It’s a girl! Baby born on CTA bus in Pilsen
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Guadalupe Lara thought she’d make it in time.
Lara and her husband, Eduarco Centeno, had just dropped their three kids off at Cesar E. Chavez Elementary Multicultural Academic Center in the Back of the Yards neighborhood Wednesday morning when she started feeling contractions.
Lara was nine months pregnant. Their baby was on the way. So they got on the bus.
“At the beginning everything was fine but when I couldn’t hold it any longer I started pushing and yelled, ‘The baby’s coming!’ and then every body started yelling, ‘Oh my God, a baby!’,” Lara said in a phone interview in Spanish from her hospital bed.
The couple was heading to the University of Illinois hospital. Lara and Centeno don’t own a car. They knew their baby would arrive soon but were caught off guard.
Still, catching the No. 9 bus made sense to them.
“I always ended up waiting for hours every other time I’ve given birth, so I thought we’d make it in time,” Lara, 33, said.
As luck would have it, Lara gave birth on the bus to a healthy baby girl around 8:30 a.m. at Ashland Avenue and Cermak Road in Pilsen, according to a CTA spokeswoman.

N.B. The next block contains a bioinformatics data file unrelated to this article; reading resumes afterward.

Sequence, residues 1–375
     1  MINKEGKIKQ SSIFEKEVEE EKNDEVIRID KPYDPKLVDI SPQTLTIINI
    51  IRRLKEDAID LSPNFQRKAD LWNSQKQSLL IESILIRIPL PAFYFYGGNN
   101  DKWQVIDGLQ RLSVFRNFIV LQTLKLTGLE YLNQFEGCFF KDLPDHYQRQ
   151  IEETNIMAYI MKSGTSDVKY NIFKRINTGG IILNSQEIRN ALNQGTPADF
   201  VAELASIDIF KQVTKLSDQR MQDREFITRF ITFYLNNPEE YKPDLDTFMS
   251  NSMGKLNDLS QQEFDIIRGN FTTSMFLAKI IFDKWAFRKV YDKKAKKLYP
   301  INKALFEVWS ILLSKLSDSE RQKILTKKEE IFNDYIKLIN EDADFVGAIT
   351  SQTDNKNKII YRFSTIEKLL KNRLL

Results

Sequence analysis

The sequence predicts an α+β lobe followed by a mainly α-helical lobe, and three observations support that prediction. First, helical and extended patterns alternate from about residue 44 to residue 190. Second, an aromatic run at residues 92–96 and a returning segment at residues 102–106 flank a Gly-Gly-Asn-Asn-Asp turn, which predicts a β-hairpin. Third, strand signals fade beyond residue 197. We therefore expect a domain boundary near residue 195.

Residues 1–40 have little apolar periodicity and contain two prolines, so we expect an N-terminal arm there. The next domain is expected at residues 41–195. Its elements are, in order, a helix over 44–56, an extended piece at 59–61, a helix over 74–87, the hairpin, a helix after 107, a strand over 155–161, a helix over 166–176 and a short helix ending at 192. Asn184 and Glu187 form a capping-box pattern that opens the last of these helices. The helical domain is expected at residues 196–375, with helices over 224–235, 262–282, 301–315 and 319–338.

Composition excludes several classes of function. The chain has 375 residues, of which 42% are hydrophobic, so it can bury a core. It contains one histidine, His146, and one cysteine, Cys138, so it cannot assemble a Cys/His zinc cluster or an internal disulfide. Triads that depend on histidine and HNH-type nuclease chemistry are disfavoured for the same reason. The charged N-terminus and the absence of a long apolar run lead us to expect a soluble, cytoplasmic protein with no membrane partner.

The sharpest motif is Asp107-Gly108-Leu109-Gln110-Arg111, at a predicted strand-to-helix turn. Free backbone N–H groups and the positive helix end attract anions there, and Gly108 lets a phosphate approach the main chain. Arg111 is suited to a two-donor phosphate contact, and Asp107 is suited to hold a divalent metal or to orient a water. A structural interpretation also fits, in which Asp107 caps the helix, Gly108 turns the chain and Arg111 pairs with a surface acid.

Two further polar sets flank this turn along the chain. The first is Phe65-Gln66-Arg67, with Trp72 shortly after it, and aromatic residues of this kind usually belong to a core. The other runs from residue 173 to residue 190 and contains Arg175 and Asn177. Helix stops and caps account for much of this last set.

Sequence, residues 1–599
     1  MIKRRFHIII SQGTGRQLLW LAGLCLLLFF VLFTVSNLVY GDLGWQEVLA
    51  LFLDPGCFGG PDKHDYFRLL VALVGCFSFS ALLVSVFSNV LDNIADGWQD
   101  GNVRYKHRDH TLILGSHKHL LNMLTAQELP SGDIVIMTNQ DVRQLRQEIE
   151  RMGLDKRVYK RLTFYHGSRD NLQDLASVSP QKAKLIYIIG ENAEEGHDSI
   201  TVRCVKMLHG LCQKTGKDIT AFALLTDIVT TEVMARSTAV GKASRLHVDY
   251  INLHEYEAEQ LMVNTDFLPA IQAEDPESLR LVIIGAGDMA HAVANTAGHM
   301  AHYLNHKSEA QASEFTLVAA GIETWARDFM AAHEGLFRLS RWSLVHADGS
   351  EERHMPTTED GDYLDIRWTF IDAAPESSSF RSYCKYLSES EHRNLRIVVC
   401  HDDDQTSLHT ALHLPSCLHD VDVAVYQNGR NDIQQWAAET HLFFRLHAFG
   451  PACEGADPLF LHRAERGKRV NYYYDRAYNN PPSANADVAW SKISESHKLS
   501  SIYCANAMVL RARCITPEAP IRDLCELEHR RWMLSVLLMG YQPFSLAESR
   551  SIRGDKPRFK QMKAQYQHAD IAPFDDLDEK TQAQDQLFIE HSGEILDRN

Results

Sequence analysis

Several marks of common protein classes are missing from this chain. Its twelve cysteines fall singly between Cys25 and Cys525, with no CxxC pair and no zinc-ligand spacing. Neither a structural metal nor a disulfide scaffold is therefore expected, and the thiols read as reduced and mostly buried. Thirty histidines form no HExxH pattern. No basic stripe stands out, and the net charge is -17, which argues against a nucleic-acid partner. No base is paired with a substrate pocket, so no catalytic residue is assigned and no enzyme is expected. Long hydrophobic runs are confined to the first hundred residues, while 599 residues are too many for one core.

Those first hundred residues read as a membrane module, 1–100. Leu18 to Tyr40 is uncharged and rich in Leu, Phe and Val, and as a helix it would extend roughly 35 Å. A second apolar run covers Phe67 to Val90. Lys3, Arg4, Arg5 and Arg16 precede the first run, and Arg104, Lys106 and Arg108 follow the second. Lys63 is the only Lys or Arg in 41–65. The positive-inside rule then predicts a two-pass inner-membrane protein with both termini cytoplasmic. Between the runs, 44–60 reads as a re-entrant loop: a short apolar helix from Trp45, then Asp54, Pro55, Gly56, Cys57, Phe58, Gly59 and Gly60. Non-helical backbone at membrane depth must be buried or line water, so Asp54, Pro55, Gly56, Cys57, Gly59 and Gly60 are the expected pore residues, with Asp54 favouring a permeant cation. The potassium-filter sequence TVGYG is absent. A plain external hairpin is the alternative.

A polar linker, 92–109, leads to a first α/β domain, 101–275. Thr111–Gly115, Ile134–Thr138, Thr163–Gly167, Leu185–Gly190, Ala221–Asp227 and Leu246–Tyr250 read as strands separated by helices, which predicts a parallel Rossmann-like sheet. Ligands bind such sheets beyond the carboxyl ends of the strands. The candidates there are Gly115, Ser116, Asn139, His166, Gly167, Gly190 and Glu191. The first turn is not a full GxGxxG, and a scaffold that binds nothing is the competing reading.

Lara and Centeno named her Samantha.
“Paramedics got there and she was holding the baby in her arms,” Fire Department spokesman Larry Langford said.
The No. 9 bus route is one of the CTA’s most popular. Centeno, who performed the delivery with the help of an unidentified passenger, said around 25 people were on the bus when his newborn decided to hitch a ride.
“I was nervous — I don’t know how to deliver a baby,” Centeno said in Spanish. “I’m thankful everything turned out all right for the three of us.”
Samantha and Lara were taken via separate ambulances — due to protocol — to the U of I hospital, Langford said.
It’s not the first time the CTA has served as backdrop to an impromptu child birth.
Twins girls were born near turnstiles of the Roosevelt Red Line stop in November 2017.
Carlos Ballesteros is a corps member in Report for America, a not-for-profit journalism program that aims to bolster Sun-Times coverage of issues affecting the South and West sides of Chicago.